Unniyappam! The traditional Kerala snack made of rice flour and jaggery is also a popular Prasad given at the Ganesh temples of the region. There is barely any Keralite who doesn’t like this mildly sweet and comforting rice fritters.

When made at home for immediate consumption it is usually made with bananas (Dwarf Cavendish variety) for an added flavour and softness to it. But if it is made to keep for a few days or even for the temples, banana is avoided as it could get spoiled in a couple of days. Also, during the jackfruit season, some prefer to replace the bananas with jackfruit preserve which gives a sweeter and distinctive flavour to the fritters. Maybe later when I get some jack fruit preserve which my mom makes every year I can feature that version too.


Now, what gives it that round on the top and flat at the bottom shape is the special cast iron pan called Unniyappam Kara which is used to make these fritters. There is another similar in taste and texture snack called Neyyappam which is deep fried in ghee in a normal deep kadai preferably made of cast iron itself. Although the cast iron pan is heavy, I insist on using this instead of the modern light weight & non-stick pan because this helps the fritters to get cooked evenly without over browning it.

To do the preps and frying takes a little time but all that effort is totally worth its taste and if you are trying it for the first time I am sure it will get you hooked.



Broken rose rice (Unakkalari) – 2 cups

Jaggery crushed/powdered – 1 cup

Banana (Dwarf Cavendish/Palayankodan) pureed– 2 or 3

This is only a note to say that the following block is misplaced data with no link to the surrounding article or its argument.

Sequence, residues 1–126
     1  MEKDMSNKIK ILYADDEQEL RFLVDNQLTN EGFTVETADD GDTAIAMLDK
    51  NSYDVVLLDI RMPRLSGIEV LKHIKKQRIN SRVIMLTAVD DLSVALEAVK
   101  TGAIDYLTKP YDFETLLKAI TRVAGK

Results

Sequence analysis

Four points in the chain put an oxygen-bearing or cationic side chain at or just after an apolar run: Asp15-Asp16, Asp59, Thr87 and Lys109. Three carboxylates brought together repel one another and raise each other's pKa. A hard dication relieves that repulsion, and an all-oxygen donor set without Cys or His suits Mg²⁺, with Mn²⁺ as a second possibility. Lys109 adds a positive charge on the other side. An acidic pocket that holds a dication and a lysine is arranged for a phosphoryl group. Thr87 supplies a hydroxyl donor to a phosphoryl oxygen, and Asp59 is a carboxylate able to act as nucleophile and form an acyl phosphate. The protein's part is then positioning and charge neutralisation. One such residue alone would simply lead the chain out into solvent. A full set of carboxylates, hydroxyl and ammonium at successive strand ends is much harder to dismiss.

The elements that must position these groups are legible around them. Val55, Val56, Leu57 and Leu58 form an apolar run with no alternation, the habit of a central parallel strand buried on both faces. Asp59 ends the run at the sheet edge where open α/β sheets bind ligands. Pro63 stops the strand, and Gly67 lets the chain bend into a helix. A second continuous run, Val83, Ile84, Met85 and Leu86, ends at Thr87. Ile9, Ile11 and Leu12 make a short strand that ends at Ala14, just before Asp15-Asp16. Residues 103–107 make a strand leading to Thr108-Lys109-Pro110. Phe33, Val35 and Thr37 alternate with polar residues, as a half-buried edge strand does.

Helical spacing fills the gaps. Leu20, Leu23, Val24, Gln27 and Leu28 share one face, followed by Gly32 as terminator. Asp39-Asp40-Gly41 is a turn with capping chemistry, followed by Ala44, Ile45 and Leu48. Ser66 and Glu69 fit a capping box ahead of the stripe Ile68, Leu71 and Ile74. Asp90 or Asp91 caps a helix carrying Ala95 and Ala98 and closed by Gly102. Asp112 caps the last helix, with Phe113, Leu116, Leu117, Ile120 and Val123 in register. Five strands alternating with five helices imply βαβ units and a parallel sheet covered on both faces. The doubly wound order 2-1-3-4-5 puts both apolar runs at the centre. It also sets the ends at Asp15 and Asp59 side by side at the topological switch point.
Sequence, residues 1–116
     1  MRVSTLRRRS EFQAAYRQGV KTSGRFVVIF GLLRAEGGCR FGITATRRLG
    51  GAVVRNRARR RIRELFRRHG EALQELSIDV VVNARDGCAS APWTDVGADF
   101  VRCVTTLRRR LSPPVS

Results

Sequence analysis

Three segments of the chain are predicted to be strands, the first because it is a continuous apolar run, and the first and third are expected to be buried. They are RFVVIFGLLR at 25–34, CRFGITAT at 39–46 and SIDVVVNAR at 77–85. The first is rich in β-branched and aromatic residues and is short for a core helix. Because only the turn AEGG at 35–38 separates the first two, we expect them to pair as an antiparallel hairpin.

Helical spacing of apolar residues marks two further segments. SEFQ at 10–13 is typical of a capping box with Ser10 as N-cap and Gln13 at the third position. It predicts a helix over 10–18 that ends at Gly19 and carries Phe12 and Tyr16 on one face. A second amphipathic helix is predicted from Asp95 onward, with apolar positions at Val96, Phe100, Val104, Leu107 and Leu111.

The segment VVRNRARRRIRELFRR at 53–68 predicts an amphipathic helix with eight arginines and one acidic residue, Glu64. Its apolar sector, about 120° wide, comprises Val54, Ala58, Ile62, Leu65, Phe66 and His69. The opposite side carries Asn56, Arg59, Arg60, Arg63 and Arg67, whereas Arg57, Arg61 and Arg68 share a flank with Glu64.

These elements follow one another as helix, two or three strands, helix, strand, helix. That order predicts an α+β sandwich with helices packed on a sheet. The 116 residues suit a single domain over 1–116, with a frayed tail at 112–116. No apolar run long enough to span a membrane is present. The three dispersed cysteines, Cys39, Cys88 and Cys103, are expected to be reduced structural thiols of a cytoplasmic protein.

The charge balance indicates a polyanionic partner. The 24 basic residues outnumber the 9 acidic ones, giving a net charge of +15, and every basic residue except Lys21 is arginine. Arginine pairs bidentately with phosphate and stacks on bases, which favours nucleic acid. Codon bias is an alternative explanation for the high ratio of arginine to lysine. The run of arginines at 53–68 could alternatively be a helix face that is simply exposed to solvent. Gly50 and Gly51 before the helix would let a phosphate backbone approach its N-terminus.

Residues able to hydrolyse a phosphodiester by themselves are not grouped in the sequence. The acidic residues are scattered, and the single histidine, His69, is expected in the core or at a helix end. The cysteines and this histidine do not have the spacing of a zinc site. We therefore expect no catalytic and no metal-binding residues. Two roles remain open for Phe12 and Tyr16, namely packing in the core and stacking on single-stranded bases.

Coconut bits – ¼ cup

Freshly ground Cardamom – ½ tsp

Salt – a pinch

Ghee – 1tbsp

Coconut oil – for frying


  • Wash and soak the rice preferably overnight in water or for 4-5 hours.
  • Drain and spread the rice on a clean cotton cloth or parchment paper to remove the excess moisture.
  • Once the water is dried out grind the rice in a mixer into a coarse powder and keep it aside.
  • In a saucepan, melt the crushed jaggery with ¼th cup of water and strain the melted jaggery to remove the impurities if any.
  • Fry the coconut bits in 1 tbsp. of ghee till golden brown and keep aside.
  • Pour the melted jaggery, banana puree, and salt into the rice flour and mix it well to form a pourable consistency batter without any lumps.
  • Add the coconut bits and cardamom powder to the batter mix it well and keep the batter covered for 60 minutes.
  • Keep the Unniyappam kara on the stove and pour coconut oil into the holes in the pan to fill half way up and let it become hot but not smoking hot.
  • Pour spoonful of batter into the oil to fill the holes and fry it on both the sides till its cooked and make sure the color doesn’t get darker beyond golden brown.


  • Using readymade rice flour is not preferred as it will affect the texture and taste of the unniyappam.
  • Dark brown jaggery should be used for best results.
  • When using cast iron appa kara make sure you keep it seasoned with oil for smooth cooking.
  • For authentic taste try not to substitute coconut oil with any other variety unless you don’t like the taste of it. Some people fry it in ghee but that is traditionally used to make neyyappam.
  • Oil temperature is very crucial while making this as low temp. could get the unniyappam soggy and high could get it burnt soon. Also, do not keep adding oil into the pan while uniyappam is getting fried as this will make them soggy. Make sure you have enough oil heated up before pouring the batter.
  • Flipping the unniyappam to the other side needs some practice but not that difficult. You can flip it with the help of a skewer.

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